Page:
PowerShares, the Wheaton, Ill.-based firm best known for its Nasdaq-100 exchange-trade fund (NasdaqGM: QQQQ), filed papers with the Securities and Exchange Commission to add a second ETF focused on Build America Bonds, in the latest sign that investors are interested in this government-guaranteed and taxable piece of the municipal bond market.
The PowerShares Intermediate Build America Bond Portfolio (NYSEArca: BABI) will track the BofA Merrill Lynch 1-12 Year Build America Bond Index. The proposed new fund joins the PowerShares Build America Bond Portfolio (NYSEArca: BAB). “BAB” tracks the BofA Merrill Lynch Build America Bond Index.
The PowerShares ETF has gathered $340 million in assets since it was launched in November. The field of competitors is growing, most recently with a launch last month of State Street Global Advisors’ SPDR Nuveen Barclays Capital Build America Bond ETF (NYSEArca: BABS). Pimco, the world’s biggest bond fund manager, is also planning a Build America Bond ETF, the actively managed Pimco Build America Bond Strategy Fund.
Build America Bonds were launched in April 2009 as part of the Obama administration’s economic stimulus package. About 35 percent of interest payments are subsidized by the U.S. Treasury, making them attractive to cash-strapped municipalities and states. Build America Bonds are attractive to investors in part because, though they are taxable and their yields are comparable to those on corporate bonds, default rates on munis are lower than on corporates. More than 1,000 issues worth over $90 billion have been sold.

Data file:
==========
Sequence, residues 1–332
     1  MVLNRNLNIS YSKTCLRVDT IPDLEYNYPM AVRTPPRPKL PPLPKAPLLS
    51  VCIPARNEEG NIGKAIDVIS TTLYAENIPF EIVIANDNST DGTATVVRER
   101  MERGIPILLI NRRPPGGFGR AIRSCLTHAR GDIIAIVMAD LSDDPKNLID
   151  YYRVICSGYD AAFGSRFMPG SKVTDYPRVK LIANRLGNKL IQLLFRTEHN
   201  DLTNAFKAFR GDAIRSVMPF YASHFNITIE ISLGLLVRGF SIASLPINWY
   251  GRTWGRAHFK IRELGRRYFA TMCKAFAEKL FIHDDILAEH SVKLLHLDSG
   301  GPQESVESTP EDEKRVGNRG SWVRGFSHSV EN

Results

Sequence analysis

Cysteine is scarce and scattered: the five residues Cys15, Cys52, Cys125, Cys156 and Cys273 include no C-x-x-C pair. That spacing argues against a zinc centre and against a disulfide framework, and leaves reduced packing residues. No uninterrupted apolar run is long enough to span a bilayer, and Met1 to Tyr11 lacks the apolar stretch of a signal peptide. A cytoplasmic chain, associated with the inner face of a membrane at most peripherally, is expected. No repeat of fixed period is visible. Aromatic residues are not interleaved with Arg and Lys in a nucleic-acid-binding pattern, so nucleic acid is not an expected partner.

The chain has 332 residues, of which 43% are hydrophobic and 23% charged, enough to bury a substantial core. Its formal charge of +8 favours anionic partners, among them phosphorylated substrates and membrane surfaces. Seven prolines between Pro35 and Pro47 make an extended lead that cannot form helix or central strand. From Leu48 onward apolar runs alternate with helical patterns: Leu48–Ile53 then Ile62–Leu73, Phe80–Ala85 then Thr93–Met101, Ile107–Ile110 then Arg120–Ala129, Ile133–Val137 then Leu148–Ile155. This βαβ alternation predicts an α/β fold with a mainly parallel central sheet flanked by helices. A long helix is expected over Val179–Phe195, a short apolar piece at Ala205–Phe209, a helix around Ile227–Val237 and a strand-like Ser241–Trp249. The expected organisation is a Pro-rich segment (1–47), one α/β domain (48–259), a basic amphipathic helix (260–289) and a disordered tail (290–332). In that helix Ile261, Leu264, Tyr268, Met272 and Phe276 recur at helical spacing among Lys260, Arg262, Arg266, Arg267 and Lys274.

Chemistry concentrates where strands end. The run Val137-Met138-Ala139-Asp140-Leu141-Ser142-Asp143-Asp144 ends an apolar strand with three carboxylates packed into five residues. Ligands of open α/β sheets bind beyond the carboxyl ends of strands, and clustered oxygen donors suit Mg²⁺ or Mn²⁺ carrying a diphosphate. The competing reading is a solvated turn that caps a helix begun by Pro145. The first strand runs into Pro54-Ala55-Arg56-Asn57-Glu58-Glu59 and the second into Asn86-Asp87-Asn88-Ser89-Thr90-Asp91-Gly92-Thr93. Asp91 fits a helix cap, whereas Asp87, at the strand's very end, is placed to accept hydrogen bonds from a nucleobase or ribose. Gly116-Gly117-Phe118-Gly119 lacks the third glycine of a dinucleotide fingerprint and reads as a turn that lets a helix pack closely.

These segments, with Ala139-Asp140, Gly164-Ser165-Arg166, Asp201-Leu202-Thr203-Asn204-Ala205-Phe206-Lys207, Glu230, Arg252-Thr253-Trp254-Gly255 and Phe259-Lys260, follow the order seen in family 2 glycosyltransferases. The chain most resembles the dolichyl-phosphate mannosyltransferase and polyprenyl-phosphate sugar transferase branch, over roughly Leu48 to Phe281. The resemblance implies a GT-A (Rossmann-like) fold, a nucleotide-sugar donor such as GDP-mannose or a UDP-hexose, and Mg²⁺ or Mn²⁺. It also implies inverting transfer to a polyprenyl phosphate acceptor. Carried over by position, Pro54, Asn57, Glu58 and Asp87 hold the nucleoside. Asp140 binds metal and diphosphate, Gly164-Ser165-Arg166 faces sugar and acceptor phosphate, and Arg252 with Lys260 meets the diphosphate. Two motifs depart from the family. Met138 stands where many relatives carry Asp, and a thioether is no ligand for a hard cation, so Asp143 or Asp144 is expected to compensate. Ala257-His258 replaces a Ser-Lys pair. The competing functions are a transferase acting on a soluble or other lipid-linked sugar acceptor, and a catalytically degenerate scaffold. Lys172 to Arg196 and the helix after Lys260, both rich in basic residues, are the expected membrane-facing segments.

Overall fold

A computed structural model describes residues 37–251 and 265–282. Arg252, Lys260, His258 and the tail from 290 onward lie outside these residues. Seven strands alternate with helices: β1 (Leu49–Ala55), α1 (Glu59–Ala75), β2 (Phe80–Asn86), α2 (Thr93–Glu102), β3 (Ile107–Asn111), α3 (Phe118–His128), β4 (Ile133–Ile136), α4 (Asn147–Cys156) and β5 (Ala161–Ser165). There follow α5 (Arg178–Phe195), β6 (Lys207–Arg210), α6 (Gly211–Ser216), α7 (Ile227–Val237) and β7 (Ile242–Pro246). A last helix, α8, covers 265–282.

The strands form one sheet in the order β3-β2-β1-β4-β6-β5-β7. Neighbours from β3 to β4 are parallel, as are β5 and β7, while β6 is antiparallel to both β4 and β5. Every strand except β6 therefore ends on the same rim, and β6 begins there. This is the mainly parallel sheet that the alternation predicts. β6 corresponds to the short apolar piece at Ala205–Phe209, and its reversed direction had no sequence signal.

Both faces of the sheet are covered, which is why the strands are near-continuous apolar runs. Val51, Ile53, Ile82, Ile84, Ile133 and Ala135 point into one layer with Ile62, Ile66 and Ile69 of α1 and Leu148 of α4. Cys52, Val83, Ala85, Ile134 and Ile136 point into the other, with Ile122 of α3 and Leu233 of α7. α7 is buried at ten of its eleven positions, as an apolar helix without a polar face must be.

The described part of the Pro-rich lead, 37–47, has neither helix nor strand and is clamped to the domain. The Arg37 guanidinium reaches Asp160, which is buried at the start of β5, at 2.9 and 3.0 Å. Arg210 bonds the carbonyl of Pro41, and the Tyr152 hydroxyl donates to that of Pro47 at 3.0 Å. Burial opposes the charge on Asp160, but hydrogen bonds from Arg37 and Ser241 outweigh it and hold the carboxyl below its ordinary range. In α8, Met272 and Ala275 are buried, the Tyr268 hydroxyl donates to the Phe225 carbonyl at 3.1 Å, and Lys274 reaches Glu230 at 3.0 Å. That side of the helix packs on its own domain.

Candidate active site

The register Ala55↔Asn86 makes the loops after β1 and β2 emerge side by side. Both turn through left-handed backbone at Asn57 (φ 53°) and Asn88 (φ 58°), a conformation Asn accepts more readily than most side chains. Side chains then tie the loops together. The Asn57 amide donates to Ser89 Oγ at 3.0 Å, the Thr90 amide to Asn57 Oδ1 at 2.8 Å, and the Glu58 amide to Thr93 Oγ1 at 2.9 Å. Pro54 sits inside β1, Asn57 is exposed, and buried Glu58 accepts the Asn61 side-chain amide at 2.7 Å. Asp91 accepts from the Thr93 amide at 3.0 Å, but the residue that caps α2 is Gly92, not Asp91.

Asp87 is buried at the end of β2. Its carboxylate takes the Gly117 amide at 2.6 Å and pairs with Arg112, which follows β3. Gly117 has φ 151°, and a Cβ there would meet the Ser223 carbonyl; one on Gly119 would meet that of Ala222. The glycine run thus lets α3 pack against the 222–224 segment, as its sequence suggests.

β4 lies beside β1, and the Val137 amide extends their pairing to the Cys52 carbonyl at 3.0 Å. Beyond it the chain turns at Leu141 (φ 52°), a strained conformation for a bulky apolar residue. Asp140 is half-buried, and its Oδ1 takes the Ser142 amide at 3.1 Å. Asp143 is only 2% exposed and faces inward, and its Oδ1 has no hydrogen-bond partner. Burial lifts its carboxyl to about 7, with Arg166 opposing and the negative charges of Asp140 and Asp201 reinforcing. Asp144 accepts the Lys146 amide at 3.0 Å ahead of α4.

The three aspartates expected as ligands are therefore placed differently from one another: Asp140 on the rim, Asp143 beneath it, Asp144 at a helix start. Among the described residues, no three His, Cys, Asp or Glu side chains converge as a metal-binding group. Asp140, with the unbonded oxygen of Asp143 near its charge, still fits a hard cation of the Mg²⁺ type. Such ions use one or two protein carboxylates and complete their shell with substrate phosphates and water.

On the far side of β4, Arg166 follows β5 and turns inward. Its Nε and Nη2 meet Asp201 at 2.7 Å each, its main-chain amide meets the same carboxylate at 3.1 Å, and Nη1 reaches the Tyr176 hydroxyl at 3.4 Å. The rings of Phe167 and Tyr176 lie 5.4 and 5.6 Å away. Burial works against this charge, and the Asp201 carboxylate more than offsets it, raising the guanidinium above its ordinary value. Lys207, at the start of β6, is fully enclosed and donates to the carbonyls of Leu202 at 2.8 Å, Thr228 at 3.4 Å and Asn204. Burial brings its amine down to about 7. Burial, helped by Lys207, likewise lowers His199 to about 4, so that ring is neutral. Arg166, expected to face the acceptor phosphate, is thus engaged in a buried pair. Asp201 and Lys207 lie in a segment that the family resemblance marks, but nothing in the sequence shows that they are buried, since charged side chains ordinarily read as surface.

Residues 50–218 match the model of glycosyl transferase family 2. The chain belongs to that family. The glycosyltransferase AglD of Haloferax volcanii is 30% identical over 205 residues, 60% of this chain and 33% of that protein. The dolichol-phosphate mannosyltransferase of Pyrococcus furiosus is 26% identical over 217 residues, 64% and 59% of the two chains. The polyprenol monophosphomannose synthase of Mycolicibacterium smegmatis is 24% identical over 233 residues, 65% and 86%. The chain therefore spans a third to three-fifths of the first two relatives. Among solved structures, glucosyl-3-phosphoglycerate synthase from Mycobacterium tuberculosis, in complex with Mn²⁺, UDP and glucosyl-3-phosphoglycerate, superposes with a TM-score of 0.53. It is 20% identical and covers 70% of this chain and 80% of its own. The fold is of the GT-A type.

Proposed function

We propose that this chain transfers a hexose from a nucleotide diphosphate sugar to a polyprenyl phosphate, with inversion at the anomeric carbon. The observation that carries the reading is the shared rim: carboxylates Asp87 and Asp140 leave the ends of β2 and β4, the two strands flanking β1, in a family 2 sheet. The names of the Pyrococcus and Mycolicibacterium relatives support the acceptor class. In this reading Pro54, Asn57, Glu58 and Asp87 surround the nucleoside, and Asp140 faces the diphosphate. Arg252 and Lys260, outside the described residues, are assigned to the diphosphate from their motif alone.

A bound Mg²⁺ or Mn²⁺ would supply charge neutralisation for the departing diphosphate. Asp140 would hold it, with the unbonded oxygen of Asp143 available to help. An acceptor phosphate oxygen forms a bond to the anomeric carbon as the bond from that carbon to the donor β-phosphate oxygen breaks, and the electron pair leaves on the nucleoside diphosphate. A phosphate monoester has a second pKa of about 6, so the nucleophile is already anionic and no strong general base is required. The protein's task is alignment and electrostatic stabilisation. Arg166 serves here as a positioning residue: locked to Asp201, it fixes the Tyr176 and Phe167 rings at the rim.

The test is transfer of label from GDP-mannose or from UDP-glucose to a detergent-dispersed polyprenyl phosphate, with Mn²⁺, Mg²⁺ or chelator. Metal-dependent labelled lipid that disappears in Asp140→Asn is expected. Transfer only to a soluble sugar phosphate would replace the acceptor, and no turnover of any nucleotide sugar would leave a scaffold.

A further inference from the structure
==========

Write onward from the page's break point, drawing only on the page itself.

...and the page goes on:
PowerShares’ and SSgA’s existing Build America Bond ETFs cost investors 0.35 percent a year in annual management fees. PowerShares didn’t say in its latest filing how much “BABI,” its latest planned offering in the space, would cost. Pimco also didn’t say how much its actively management Build America Bond ETF would cost.
XRT had a monster day for new money. Which is probably all short. Welcome to Bizarre Land.
How do you choose the right ETF? Here are seven questions that will guide your research.
Buyers—and sellers—beware: Trading mistakes can be costly, but they are avoidable.
Investors have fewer—but better—choices.